They will lead with a deep knowing that, psychologically, failing doesn’t mean you are a failure. Instead, it proves that you are actually approaching your work creatively. This is the kind of mindset that will unleash innovative thinking in the workplace.


The third critical function for leaders in Industry 4.0 is that they need to understand people.

Understanding people involves being aware of the things that motivate them and the way emotion impacts their world. Along with this, understanding people must be accompanied by the ability to create a culture of safety.

In creating these safe, understanding cultural environments, the humanity of people is able to flourish.

With this capability in hand, leaders, through the understanding of how people work, will no longer resort to any version of the command-and-control leadership style of the bygone era, or some kind of authoritarian my-way-or-the-highway approach that clearly no longer works.

Instead, effective leaders of Industry 4.0 will be those that understand people to such a degree that they are able to create cultures where individuals and teams are enabled to flourish.


The fourth vital function leaders should possess is the ability to usher people into innovative thinking rather than simply being expected to be fearlessly innovative.

Contrary to popular belief it’s not for lack of IQ or lack of ideas that innovation is wanting. It’s that people often feel restricted in a work environment, causing them to hold back on contributing to innovation in the organisation.

Their ideas are often not given wings or support, and those who have the power to allow the ideas to affect the organisation are often not providing their support and agreement, thereby stifling the flow of new ideas.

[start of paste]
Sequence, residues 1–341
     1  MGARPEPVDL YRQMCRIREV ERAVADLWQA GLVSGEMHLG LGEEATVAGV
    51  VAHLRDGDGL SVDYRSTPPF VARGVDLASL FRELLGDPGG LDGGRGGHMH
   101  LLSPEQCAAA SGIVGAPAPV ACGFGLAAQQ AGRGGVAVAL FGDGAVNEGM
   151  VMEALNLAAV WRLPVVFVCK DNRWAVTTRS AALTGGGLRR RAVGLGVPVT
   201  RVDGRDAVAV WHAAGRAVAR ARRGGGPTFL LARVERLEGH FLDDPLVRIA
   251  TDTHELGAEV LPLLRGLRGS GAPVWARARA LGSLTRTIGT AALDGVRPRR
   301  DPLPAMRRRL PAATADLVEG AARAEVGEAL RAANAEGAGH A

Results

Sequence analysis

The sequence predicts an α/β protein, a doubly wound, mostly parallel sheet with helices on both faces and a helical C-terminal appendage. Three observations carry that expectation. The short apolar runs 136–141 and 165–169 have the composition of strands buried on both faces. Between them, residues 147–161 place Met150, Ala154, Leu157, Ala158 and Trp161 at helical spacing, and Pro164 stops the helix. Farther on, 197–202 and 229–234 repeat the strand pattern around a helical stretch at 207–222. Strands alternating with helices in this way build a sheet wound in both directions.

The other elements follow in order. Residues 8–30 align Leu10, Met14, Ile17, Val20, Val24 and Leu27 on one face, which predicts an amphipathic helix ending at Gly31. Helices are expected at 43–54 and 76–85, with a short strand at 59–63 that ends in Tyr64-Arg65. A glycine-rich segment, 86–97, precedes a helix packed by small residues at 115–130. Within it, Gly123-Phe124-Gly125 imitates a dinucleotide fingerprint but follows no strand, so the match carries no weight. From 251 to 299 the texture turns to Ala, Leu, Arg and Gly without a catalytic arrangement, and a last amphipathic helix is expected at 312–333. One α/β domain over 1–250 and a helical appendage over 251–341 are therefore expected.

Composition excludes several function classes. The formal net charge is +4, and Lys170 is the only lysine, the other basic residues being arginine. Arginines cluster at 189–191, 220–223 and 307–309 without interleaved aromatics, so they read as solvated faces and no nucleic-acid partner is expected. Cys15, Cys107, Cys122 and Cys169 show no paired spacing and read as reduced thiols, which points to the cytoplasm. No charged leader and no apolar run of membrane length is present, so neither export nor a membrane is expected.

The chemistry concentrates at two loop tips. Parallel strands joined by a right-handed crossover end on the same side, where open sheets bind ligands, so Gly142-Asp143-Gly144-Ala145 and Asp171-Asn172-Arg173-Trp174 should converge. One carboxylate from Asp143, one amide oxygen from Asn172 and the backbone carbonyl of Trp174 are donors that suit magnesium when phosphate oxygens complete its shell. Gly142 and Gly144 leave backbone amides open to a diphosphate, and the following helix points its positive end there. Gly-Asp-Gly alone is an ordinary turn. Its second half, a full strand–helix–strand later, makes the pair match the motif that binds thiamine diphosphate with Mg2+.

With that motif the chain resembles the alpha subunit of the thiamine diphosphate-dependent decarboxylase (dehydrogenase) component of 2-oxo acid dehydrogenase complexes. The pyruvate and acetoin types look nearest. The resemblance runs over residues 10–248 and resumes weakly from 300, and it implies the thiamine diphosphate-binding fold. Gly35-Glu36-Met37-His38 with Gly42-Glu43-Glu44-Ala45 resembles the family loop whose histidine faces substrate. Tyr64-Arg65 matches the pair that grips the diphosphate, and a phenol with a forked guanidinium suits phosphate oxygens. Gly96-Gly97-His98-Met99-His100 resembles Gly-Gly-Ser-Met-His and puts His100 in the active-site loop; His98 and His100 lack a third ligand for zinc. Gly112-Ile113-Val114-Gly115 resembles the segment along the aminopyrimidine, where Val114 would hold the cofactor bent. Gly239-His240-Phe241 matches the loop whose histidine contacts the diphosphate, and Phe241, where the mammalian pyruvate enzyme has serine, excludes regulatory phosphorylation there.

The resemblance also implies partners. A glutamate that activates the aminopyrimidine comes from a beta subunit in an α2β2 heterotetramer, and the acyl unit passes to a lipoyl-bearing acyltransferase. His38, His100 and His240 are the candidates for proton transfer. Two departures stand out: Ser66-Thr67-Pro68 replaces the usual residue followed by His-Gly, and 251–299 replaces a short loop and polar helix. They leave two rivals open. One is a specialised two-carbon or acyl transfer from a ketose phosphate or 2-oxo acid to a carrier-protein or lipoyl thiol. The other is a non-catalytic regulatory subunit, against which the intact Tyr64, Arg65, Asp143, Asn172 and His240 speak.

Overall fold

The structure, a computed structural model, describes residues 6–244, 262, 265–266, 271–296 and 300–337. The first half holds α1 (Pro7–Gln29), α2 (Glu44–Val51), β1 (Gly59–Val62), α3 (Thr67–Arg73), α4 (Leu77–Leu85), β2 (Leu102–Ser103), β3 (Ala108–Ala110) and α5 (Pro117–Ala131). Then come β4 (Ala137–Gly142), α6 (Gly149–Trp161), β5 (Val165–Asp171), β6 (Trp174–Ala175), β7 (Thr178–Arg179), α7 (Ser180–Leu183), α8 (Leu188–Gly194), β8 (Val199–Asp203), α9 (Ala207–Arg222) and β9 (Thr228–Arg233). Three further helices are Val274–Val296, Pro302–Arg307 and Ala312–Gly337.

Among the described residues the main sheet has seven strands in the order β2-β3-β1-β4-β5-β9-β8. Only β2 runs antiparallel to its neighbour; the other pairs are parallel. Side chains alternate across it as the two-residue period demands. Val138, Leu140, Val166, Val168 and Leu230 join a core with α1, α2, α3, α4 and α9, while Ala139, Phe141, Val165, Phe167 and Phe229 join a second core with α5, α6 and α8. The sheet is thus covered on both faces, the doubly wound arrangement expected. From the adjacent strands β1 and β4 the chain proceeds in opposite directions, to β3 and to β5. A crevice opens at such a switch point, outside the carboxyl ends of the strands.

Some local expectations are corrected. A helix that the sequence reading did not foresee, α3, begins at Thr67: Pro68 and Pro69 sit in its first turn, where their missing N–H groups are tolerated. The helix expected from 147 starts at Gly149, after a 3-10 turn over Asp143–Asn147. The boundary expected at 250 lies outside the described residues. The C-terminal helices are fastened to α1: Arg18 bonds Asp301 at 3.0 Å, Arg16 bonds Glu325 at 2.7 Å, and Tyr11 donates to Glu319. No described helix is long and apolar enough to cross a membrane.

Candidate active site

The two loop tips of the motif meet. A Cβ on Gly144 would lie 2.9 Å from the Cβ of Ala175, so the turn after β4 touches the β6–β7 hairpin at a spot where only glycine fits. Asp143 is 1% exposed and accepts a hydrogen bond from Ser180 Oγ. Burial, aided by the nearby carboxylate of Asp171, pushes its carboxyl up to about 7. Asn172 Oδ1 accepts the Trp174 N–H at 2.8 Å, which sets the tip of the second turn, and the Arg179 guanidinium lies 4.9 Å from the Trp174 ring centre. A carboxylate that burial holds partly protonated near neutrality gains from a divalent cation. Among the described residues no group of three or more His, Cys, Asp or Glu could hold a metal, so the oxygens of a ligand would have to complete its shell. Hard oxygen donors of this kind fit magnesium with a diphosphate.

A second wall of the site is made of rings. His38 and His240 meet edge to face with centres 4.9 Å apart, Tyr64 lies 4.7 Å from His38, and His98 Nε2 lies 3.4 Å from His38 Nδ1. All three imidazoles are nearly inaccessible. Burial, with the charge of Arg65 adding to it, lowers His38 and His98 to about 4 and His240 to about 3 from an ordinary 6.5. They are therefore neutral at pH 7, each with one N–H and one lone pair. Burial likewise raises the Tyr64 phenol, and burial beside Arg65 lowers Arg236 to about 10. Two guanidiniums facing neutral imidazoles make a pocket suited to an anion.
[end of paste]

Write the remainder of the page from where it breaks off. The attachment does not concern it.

Successful leaders of Industry 4.0 are those who usher people into innovative thinking, by being unthreatened by innovative ideas coming from somewhere other than themselves.

Leadership Response to Industry 4.0

It is evident that Industry 4.0 is heralding a new world. This is no surprise to anyone. But high performing leaders, if they are to stay relevant, will need to respond by ushering in a new set of functions that will allow them to ignite the very parts of the workforce that will continually add value, the parts of the workforce that are human and cannot be replaced or replicated by technology.

Outstanding Industry 4.0 leaders will find ways to foster unity in globally diverse teams, embrace failure and facilitate growth through failing fast. They will continually grow in their understanding of people, create a safe environment for people to flourish, and walk alongside people, supporting their attempts at growth and innovation.

Technological developments will continue to shift the way we work, but if leaders cultivate the parts of their, and their team’s, humanity that cannot be replaced by robots, our Emotional Intelligence, they will continue to add tremendous value to their workplaces.

Mygrow can help you develop these critical leadership skills through our personal development platform. With an emphasis on developing Emotional Intelligence through micro-learning, our e-learning platform will equip you and your team to be more effective in the ever-changing global work environment.